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Hedge Fund and Insider Trading News: Steven Cohen, Carl Icahn, Beigene Ltd (BGNE), Brooks Automation, Inc (BRKS), and More

Cohen Leads Wave of Hedge Fund Startups After Year of Retreats (Bloomberg)
After a cohort of hedge fund veterans called it quits last year, a trio of established managers are prepping to fill their shoes in 2018 by starting firms with at least a billion dollars apiece. Daniel Sundheim, who until last June was investment chief at Viking Global Investors, Michael Gelband, who about a year ago surprised his boss Izzy Englander by quitting as Millennium Management’s head of fixed income, and Steven Cohen, the billionaire who until January was barred from trading client money after his old firm pleaded guilty to securities fraud, plan to roll out their long-anticipated funds.

What Will Carl Icahn Do Now That Xerox and Fujifilm Are Combining? (TheStreet)
Xerox Corp.’s (XRX) deal reached early Wednesday, Jan. 31, with Fujifilm Holdings Corp. (FUJIY) to combine the two companies and their longstanding Fuji Xerox joint venture puts the ball in the court of corporate-raider turned activist Carl Icahn. There is no doubt the deal was announced, at least partly, in response to a battle Icahn launched last month, seeking to install a minority slate of four dissident directors to the company’s 11-person board. Icahn and Xerox’s third-largest shareholder, Darwin Deason, earlier this month joined forces to form a group targeting Xerox, its CEO Jeff Jacobson, and its joint venture with Fujifilm.

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How Does Warren Buffett Achieve Liquidity Without Selling Berkshire Hathaway Shares? (Forbes)
How does Warren Buffett achieve liquidity (beyond salary) if he has never sold a share of Berkshire Hathaway? originally appeared on Quora: the place to gain and share knowledge, empowering people to learn from others and better understand the world. Answer by Glenn Luk, Berkshire Hathaway shareholder, on Quora: At the age of 26, Warren Buffett had already accumulated a “retirement fund” of around $174,000 ($1.54 million in 2018 dollars) having been earning and investing money since he was a young lad, particularly during his years working for Ben Graham’s hedge fund in NYC. He bought his home in Omaha for $31,000 cash and his living expenses were modest. It was at this point he decided to strike out on his own and launch his investment business.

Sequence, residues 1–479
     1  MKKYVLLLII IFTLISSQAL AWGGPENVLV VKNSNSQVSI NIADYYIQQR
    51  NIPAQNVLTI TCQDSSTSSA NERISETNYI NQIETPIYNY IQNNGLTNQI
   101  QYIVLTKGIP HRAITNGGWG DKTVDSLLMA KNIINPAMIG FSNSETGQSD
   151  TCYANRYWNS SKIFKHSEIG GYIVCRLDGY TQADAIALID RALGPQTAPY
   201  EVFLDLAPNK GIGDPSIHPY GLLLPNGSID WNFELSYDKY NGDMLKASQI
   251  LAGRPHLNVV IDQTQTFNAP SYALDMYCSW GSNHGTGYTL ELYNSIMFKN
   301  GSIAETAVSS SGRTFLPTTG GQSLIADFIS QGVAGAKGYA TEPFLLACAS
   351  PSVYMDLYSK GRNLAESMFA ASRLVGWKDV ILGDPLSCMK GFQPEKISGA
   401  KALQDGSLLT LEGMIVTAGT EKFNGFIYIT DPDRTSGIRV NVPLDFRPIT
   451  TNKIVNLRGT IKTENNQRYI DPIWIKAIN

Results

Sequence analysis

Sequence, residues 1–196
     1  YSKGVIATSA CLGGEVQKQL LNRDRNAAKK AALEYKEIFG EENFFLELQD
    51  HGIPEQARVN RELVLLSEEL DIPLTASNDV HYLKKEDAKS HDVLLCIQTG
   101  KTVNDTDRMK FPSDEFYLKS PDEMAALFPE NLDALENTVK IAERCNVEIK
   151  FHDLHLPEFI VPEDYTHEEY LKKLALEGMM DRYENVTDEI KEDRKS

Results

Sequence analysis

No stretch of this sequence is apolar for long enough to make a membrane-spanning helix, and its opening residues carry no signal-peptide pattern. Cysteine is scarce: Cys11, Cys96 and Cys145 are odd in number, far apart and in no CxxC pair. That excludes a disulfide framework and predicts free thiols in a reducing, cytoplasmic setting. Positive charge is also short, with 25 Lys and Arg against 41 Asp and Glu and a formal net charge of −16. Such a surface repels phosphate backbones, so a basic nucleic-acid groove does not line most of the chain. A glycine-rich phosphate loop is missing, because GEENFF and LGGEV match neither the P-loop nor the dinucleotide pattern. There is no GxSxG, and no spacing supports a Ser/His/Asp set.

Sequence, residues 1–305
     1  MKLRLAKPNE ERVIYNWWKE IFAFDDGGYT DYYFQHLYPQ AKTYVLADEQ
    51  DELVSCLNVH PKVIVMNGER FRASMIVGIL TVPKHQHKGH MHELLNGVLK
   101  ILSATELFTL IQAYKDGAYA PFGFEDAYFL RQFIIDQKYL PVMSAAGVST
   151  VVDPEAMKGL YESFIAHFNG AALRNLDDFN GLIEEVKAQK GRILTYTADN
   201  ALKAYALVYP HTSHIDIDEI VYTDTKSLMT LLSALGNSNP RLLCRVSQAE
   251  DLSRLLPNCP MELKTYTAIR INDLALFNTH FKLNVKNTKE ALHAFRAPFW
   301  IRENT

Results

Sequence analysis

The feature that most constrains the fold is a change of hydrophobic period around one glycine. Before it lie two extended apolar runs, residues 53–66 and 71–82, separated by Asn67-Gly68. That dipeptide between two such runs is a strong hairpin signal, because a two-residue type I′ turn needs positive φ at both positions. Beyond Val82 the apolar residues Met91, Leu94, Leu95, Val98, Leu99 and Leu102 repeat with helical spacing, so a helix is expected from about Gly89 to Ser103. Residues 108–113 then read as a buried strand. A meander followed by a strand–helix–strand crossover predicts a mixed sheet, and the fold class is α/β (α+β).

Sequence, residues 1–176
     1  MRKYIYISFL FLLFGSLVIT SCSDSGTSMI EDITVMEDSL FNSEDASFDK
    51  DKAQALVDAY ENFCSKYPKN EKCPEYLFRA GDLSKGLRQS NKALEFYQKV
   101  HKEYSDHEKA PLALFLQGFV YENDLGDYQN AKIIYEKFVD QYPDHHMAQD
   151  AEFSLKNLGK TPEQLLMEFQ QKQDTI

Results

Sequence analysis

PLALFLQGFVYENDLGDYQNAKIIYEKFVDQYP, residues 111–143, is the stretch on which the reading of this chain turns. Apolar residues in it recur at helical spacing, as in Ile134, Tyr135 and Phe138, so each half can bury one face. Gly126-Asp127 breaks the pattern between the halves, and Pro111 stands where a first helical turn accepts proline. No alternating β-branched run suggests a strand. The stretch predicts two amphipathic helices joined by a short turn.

Greg Coffey Very Excited About Future Career In Subleasing (DealBreaker)
We do not know how long former GLG Partners star trader (and former Moore Capital Management most-impressive-but-somewhat-less-than-star-trader) Greg Coffey’s lease in Belgravia runs for. All we know is that he’s got 3,000 square feet on Sloane Street ready to welcome his return to the hedge fund industry after five years’ exile on his native former prison colony. If, however, the lease extends much beyond a few years, we suspect that the easily-bored Coffey may yet have a future in commercial real-estate rentals. Coffey is expected to launch his latest venture alongside James Saltissi, a former colleague from his days at GLG Partners who now works at investment firm Abbeville Partners, according to people familiar with the plans. Prime brokers have been appointed.

Capita Plunge Triggers Windfall for Short Sellers AQR, CapeView (Bloomberg)
Cliff Asness’s AQR Capital Management and hedge fund CapeView Capital reaped a windfall on Wednesday from their wagers on a decline in shares of Capita Plc.

Tiger Global Management Benefits the Most from Flipkart’s Secondary Share Sale (Economic Times)
New York-based hedge fund Tiger Global Management has surfaced as the main beneficiary following the buyback of Flipkart shares by Japan’s SoftBank in 2017. Tiger Global has made a $424 million exit, followed by Accel India at $113.5 million, as per calculations based on the documents filed by the online retailer, sourced from data-tracking platform Paper.Vc. Other beneficiaries include funds associated with Russian billionaire Yuri Milner, cashing in over $50 million and funds m ..

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